Green Living

The Environmental Footprint of Wine

The environmental footprint of wine
Buying boxed wine is one way to reduce the carbon footprint of your wine.

How do you Fit Wine into your Green Living Lifestyle?

For 20 years I have struggled with balancing a love of Old World wine (wine from Europe) with a commitment to a more ecofriendly lifestyle.  In fact, downsizing our house by 1,000 square feet back in 2002 was an easy green living change compared to giving up wine from France. Such is my dilemma: rationalizing a love of imported wine with a green living lifestyle.

The Carbon Footprint of Wine

  • The average carbon footprint of wine is about 2.2 kg carbon emissions per bottle (according to Carbonzero, a Canadian carbon footprint assessment firm.)
  • Almost half of the carbon footprint of wine is in the shipping and distribution since most wine is packaged in bottles that are heavy compared to the weight of their contents.

Not all miles that a bottle travels are the same.
Efficiencies in transportation make container ships better than trucks, and much better than planes. Because of this it’s actually more ecofriendly for those of us on the East Coast to drink wine from Europe than wine from California or BC. The average carbon footprint of wine shipped from France (to the East Coast) is about .14 kg of carbon emissions.

Because it is ultimately the weight of the wine bottles that drives the carbon footprint, finding efficiencies in the packaging is one of the best ways to reduce the carbon footprint of a bottle of wine.

Consider Boxed Wine (Really)
Given that the actual bottles contribute so much to the carbon footprint of wine I started giving some thought to boxed wine. Packaged in larger quantities (usually the equivalent of four bottles) using recyclable boxes and recyclable plastic bladders, boxed wine is the solution to many of the environmental challenges of the wine industry. Although it has traditionally had a poor reputation when it comes to quality, boxed wine is taking off so it is getting easier to find better quality wine in this ecofriendly package.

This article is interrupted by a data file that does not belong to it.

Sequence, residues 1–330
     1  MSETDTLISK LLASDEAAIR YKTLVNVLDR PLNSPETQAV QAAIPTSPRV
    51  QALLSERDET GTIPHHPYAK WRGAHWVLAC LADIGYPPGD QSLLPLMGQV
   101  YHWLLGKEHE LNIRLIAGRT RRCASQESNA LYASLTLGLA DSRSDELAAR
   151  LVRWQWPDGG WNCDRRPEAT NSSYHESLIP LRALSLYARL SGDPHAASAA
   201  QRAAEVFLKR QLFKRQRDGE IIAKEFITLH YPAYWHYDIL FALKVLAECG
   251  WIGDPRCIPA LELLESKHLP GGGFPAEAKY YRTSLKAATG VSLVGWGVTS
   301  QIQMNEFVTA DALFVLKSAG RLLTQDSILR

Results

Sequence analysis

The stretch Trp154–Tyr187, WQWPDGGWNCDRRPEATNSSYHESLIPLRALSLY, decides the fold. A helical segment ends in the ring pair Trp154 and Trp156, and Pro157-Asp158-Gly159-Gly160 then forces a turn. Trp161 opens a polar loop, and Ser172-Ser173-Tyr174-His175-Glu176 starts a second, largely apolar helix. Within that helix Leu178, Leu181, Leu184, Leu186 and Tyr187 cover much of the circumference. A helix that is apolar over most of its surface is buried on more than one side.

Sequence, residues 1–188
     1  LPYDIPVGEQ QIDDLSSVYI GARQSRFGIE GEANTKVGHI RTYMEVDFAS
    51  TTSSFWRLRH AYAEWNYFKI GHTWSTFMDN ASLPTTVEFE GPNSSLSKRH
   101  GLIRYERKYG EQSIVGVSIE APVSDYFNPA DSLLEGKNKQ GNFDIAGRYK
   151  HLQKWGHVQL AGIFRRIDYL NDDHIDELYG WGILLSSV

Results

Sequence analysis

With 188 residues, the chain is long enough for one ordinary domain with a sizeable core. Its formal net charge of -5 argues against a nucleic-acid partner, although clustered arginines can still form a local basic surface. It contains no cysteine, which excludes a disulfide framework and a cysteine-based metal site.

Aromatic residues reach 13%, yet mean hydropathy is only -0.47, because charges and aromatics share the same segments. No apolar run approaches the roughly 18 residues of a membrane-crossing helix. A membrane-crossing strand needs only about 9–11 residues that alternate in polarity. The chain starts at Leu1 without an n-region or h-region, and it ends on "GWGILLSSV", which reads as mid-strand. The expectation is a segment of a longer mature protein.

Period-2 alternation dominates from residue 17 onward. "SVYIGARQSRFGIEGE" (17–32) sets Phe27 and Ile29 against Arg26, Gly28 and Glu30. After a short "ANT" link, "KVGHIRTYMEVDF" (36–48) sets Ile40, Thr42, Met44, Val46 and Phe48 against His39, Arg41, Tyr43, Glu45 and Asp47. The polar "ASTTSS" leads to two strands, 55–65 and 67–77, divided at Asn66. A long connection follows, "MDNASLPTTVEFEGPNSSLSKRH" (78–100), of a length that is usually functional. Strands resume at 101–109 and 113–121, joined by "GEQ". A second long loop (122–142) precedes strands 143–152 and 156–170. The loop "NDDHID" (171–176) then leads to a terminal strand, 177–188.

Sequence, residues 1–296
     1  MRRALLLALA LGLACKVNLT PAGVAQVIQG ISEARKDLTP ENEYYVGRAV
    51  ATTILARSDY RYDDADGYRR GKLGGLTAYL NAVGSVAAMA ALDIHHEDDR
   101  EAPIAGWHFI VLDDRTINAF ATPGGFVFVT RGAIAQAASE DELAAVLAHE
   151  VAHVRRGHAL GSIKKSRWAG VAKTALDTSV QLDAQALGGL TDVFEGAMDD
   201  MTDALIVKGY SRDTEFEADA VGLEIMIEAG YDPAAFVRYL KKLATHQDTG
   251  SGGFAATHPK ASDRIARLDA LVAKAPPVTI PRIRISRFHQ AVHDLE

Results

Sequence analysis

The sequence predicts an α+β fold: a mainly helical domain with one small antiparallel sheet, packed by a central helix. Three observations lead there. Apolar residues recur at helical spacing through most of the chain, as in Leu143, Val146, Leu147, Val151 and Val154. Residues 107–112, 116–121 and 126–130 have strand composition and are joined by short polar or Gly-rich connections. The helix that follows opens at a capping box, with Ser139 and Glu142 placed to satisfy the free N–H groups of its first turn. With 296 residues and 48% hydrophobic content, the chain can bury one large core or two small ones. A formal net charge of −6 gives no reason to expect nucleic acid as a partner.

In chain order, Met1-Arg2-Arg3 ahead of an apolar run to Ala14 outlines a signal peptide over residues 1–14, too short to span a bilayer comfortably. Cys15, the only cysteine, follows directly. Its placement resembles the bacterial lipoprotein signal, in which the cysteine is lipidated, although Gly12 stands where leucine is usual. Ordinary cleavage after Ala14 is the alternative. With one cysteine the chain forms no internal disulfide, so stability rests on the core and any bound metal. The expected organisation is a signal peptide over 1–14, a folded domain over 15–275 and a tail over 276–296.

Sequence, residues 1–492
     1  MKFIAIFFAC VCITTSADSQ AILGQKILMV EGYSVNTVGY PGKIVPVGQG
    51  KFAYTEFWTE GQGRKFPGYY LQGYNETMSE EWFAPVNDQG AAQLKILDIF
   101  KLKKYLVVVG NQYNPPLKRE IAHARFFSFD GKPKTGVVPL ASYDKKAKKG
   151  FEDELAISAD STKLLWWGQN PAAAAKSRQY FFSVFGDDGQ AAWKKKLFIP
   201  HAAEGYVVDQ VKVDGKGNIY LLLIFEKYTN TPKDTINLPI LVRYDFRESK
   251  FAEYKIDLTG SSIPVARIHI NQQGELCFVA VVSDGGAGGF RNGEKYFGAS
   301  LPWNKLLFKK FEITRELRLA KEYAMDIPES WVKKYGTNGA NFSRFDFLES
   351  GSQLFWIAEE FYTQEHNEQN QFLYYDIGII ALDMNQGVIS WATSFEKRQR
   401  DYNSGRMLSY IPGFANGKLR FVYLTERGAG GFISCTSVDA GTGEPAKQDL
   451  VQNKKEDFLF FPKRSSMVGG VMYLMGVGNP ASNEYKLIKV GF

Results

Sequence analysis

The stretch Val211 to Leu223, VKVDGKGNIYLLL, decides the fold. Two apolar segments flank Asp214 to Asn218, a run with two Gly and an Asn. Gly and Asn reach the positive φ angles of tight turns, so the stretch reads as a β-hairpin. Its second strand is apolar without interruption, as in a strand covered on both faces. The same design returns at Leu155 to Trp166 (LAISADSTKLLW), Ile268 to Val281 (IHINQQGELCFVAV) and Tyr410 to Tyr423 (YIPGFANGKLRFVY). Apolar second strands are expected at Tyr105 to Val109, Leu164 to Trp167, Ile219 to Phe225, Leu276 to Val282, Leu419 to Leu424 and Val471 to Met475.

If you can find a brand you like there are even more benefits to boxed wine. It’s cheaper per litre than bottled wine, and lasts in the fridge for at least a month after it has been opened. Since most wine isn’t meant to be aged, boxed wine makes great environmental sense.

Finding a Boxed Wine You Like

Finding a boxed wine you like can be difficult since it’s quite a commitment to taste test a wine three litres at a time. My friend Heather put me onto a French wine, The Little Traveler, (a sauvignon-muscat blend in white and a Primitivo in red) that I love but a quick online search found some others that have reasonable reviews (depending on your taste preferences.) The one drawback that I discovered is that the wine bags inside the boxes can be made of #7 plastic (could contain BPA).

Because boxed wine isn’t everyone one’s choice, there are more and more bottled wines that are aiming for a net-zero carbon footprint. One such wine available locally is Santa Margherita Pinot Grigio, the best-selling Italian wine in Canada. Each bottle has a green label that says “Carbon neutral from ground to store. Measured and offset with Carbonzero”. Although it’s available in bottles the winery works hard to reduce its carbon footprint throughout its operations to counter-balance the shipping.  

The BC-based winery, Tinhorn Creek, has been awarded carbon neutral status by a Vancouver based consultant Climatesmart.

Since transportation determines so much of a wine’s carbon footprint, giving local wines a try is another way to make your wine drinking more ecofriendly. Dunham’s Run wine from the Kingston Peninsula is worth a try as are other New Brunswick wines (like Mott’s Landing, if you can find it) and wines from Nova Scotia.

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